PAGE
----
Early research on PDA was carried out by Elizabeth Newson and colleagues and published through conference proceedings and informal channels.
The research literature remains small at present. However, interest is growing, and PDA is beginning to attract international attention.
Recent work has led to some helpful developments:
Development of ways to quantify PDA features – The ‘Extreme Demand Avoidance Questionnaire’ (EDA-Q, p. 31 of this booklet) was developed to quantify PDA features based on parent report, with the aim of identifying individuals at high risk of exhibiting the PDA profile for research purposes (O’Nions et al., 2014). More recently, work has been undertaken in collaboration with Dr. Judith Gould to revisit existing items within the Diagnostic Interview for Social and Communication Disorders (DISCO). The aim was to identify which items appear most specific to PDA, compared to the rest of the autism spectrum. This analysis identified eleven DISCO items that appear very distinctive to the PDA profile (O’Nions et al., 2015). More information is available in the research paper, which is available open access and can be downloaded from the European Child and Adolescent Psychiatry website.
PDA features are dimensional within the autism spectrum - Two recent studies have compared individuals with PDA to those with more classic presentations of ASD, using informant questionnaires and interviews. Both reported similar levels of autistic traits and core features of ASD in those with and without PDA features (O’Nions et al., 2013; 2015). The findings also suggest that PDA traits are continuously distributed in individuals on the spectrum. Those with substantial PDA features also appear to span a range in terms of the severity of their autistic features. In short, PDA features should be considered dimensional (O’Nions et al., 2015).
Substantial PDA features are associated with difficult behaviours and anxiety - Those with the highest levels of PDA features have significantly higher levels of socially maladaptive and difficult behaviours, plus high levels of anxiety/emotional symptoms, compared to those without (O’Nions et al., 2013, O’Nions et al., 2015).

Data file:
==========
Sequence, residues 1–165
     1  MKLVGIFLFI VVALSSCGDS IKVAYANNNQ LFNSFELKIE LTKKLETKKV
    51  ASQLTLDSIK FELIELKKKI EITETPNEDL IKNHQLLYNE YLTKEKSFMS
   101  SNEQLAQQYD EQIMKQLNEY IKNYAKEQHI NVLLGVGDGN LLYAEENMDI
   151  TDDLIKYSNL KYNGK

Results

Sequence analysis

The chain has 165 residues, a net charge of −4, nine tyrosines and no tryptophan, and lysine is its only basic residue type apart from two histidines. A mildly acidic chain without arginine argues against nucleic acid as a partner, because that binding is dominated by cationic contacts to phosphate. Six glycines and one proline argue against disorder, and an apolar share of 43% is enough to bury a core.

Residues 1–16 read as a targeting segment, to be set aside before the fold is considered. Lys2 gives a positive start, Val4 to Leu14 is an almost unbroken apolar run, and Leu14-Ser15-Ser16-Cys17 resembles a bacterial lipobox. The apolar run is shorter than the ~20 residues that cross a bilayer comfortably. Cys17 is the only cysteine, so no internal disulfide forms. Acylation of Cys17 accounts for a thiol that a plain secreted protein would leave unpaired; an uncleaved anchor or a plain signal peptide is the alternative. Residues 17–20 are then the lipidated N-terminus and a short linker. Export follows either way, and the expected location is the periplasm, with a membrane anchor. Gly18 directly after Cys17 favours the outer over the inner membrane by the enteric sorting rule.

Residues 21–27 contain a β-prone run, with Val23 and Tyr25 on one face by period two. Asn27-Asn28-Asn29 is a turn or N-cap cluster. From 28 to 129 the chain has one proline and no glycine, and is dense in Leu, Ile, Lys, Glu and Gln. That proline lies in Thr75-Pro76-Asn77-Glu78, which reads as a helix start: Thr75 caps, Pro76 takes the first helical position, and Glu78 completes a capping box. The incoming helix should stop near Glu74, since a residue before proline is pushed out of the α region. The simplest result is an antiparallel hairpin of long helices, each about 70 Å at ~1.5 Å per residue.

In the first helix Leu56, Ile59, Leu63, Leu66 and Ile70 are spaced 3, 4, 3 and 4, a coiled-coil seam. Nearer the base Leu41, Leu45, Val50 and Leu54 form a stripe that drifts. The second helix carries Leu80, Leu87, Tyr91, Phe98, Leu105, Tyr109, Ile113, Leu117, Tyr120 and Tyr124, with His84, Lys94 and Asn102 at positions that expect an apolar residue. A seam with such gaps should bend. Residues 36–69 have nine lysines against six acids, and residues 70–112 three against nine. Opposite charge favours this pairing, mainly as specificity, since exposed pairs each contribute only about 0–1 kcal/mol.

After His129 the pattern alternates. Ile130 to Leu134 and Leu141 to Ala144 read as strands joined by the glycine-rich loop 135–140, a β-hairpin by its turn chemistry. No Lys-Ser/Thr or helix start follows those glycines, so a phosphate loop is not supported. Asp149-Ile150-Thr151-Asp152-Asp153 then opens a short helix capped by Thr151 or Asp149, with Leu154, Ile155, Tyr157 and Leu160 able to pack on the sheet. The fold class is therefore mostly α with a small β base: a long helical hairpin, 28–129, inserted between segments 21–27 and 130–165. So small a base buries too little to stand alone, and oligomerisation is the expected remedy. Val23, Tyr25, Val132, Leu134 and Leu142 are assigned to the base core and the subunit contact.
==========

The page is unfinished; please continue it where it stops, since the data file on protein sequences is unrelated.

Better understanding of the clinical presentation of PDA in an adult inpatient setting (Eaton & Banting, 2012), and in children with epilepsy (Reilly et al., 2014) – These case studies provide insight into the usefulness of incorporating description of PDA features in a diagnostic formulation. In particular, Eaton & Banting highlight the challenges of managing an individual with PDA, and identifying triggers of extreme behaviour. They also describe barriers to implementing the recommended strategies.
Insight into the prevalence and stability of PDA - Other work using the DISCO to quantify PDA features has provided insight into the prevalence and stability of this profile in individuals on the autism spectrum (Gillberg et al., 2015). Estimates of prevalence vary depending on the precise criteria used, but this study reported that one in five of those with ASD may have some features, with one in twenty-five of those with ASD exhibiting the more narrowly defined phenotype. The study focused specifically on individuals identified as having ASD, and as such, acknowledges that the prevalence may be under-estimated.
Insight into the educational experiences of individuals with PDA (Gore-Langton et al., 2015) – This work has shown that children with PDA display a range of hard to manage behaviours at school, and require high levels of additional support. They also experience high rates of exclusion and educational placement breakdown across a range of specialist and mainstream school settings. For more information see
Self-report version of the Extreme Demand Avoidance Questionnaire - Dr Vincent Egan, Associate Professor of Forensic Psychology at the University of Nottingham gave a presentation on his research work into adults with PDA at the NAS PDA Conference in November 2015. The research is looking at whether the EDA-Q can be used to measure PDA features in adults using a self-report method.
More research is needed, particularly in the following areas:

  • Studies that systematically examine whether individuals identifi ed as having PDA features meet diagnostic thresholds for ASD.
  • Further validation of tools to quantify PDA features.
  • Investigation of the cognitive profi le in PDA would shed light on how much individuals with PDA have in common with those with more classic presentations of ASD, and whether the presence of behaviours associated with ASD (e.g. socially inappropriate and obsessive behaviour) has a similar or distinct underlying cognitive basis.
  • Studies examining which educational and management strategies are most useful for individuals with PDA. 

Liz O’Nions,
Post-doctoral Fellow at the Parenting and Special Education Research Unit, KU Leuven,